As Carl double clicks on the data cell he’ll see Alan’s changes appear before he begins editing. In some cases this can be very important. For example, suppose this is an inventory database and Alan subtracted items from a particular inventory record. Now Carl wants to subtract additional items from the same record. It’s vital that if Alan subtracted 12 and Carl now subtracts 9, the final amount will be the original amount minus 21. Because the server updates each client as the record is locked, this correct total is assured no matter how many calculations are chained together. In this example we’ve assumed that the data is being edited manually, but the same principle applies when modifications are made by a program. Whenever a record is modified it, is always locked and updated first, whether that modification is manual or done by a program.
Like database sharing, web publishing allows a database to be viewed and accessed remotely. Instead of using a custom Panorama client, web publishing allows the database to be used by anyone with a modern web browser. This approach makes possible for a truly global audience for your database. There are, however, some downsides to using web publishing instead of database sharing. First, a database must be prepared to work in this mode. For simple applications this may take only an hour or two, while more complex applications may take hundreds of hours. Secondly, the user interface in web publishing mode is limited to the capabilities of a web browser. Advanced Panorama features like Clairvoyance®, Smart Dates™, Lists & Matrixes, Elastic Forms, Custom Menus, Automatic Capitalization and more are not available when using a web based database. If you need universal global access to your database, however, web publishing mode is the way to go.
Database sharing mode and web publishing mode are not mutually exclusive — both modes can be in use on a single server simultaneously. In fact a single database may be used in both modes simultaneously, allowing different clients to take advantage of the appropriate mode for them. (For example, you might create a product catalog database that is accessed using data sharing mode in house, while also making it publicly available in web publishing mode.)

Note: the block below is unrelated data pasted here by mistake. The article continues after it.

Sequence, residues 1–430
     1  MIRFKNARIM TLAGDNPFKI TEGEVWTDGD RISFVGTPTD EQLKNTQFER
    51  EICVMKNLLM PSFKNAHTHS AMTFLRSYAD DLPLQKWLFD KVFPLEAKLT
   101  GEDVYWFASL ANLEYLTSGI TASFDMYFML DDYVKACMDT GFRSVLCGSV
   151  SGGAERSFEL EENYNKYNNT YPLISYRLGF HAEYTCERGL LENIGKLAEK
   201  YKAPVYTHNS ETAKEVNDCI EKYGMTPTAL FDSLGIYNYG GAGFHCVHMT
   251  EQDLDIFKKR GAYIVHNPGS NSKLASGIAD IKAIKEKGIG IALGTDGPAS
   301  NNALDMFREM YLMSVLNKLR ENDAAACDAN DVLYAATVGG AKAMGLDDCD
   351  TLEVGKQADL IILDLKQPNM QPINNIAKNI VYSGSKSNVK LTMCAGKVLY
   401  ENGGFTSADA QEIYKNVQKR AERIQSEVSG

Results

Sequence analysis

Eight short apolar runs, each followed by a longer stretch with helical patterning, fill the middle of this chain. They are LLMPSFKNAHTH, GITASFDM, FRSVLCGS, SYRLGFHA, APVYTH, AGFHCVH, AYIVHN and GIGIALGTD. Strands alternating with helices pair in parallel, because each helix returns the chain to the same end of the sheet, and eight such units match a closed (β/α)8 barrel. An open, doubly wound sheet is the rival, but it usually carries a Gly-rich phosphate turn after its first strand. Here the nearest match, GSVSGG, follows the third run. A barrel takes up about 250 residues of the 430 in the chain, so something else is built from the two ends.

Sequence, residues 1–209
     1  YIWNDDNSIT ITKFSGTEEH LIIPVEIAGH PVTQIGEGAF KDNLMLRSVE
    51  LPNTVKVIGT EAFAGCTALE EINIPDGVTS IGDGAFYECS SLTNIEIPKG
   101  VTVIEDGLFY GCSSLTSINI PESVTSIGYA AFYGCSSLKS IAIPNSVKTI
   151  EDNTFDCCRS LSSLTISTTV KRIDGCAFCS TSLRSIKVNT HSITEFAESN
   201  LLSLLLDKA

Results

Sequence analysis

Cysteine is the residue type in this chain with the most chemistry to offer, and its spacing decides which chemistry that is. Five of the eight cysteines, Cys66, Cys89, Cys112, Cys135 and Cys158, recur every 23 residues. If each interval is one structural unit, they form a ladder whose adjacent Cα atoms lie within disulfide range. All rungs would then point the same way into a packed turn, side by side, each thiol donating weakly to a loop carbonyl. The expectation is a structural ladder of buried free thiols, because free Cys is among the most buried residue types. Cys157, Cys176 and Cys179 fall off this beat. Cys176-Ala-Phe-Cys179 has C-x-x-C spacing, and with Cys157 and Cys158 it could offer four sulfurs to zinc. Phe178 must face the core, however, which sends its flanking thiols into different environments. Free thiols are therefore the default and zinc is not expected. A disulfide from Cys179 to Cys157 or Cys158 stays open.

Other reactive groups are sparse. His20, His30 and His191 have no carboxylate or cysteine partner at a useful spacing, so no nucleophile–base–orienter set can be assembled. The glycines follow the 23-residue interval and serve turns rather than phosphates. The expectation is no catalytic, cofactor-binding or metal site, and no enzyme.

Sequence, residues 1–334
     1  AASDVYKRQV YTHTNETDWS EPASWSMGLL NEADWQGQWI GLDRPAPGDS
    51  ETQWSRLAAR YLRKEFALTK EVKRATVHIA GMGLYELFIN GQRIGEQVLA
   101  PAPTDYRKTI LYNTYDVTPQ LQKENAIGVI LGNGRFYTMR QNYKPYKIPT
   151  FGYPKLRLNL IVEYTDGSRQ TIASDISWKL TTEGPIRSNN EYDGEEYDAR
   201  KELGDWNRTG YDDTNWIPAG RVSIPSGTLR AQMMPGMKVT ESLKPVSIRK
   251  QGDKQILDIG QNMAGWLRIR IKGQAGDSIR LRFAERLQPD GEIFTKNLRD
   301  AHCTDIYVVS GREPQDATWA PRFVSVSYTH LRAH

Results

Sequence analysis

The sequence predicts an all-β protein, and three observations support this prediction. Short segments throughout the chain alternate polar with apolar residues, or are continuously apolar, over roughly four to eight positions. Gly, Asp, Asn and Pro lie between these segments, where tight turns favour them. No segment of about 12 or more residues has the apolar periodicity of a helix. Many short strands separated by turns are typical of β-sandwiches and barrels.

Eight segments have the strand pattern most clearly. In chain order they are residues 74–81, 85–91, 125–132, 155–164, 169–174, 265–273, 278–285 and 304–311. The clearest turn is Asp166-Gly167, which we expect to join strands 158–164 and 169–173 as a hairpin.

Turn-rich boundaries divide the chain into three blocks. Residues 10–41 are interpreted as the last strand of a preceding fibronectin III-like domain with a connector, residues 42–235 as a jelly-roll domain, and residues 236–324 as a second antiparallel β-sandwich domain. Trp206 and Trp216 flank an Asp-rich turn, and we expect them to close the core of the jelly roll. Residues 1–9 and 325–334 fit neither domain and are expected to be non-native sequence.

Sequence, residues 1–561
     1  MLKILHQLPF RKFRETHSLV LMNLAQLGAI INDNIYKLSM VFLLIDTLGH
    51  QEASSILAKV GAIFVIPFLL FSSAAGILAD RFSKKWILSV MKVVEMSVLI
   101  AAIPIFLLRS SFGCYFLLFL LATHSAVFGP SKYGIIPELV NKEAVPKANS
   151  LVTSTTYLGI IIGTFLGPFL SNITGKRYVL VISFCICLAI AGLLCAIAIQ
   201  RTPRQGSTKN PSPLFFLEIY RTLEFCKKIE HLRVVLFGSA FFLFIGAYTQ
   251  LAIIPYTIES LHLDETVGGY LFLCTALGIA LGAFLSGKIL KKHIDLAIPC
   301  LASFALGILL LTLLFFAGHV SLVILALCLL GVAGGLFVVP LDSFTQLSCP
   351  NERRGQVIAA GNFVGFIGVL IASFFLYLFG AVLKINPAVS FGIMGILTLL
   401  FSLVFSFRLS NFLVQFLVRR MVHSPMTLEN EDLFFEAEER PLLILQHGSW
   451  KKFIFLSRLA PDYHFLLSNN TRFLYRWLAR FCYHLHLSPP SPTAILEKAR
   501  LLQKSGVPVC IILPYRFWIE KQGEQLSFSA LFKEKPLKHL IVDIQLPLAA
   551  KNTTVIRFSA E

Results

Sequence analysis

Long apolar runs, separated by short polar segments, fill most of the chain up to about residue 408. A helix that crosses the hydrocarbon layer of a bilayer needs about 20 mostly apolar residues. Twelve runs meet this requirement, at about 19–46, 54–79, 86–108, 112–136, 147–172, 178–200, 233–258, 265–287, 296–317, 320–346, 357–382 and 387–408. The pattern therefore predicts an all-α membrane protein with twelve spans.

Just as in Panorama itself, most database display and data entry on the web is accomplished through forms. You can create web forms with standard authoring tools like Dreamweaver, RapidWeaver or (assuming knowledge of HTML) a basic text editor. Panorama also includes a wizard that converts your existing Panorama forms for use on the web. This wizard allows you to use Panorama’s powerful graphic editing tools to create web based forms. The illustration below shows how this works. The screen shot on the left shows the original Panorama form. On the right is the nearly identical web based form.
Since web browsers don’t have all the capabilities available in Panorama forms, some features cannot be translated. You may find that you want to create special forms specifically for use as web forms, just as you normally create special forms for printed reports. Nevertheless, you’ll find that this capability allows you to leverage your existing skills (and much of your existing forms) to rapidly develop web based databases.
Panorama’s form conversion wizard is great for displaying one record at a time. The Text Export Wizard makes it easy to display a web page with a table showing multiple records, like this price list.
The wizard makes it easy to configure this web table in just a few minutes with no programming or HTML coding.
The Panorama web publishing server can perform basic actions like searching the database, displaying tables, displaying forms, and data entry without any programming at all. By adding your own custom programming you can implement more advanced features. The illustration below shows a simple shopping cart based on a Panorama database. The short program on the displays the contents of the shopping cart.
With Panorama’s powerful programming language the possibilities are limited only by your imagination!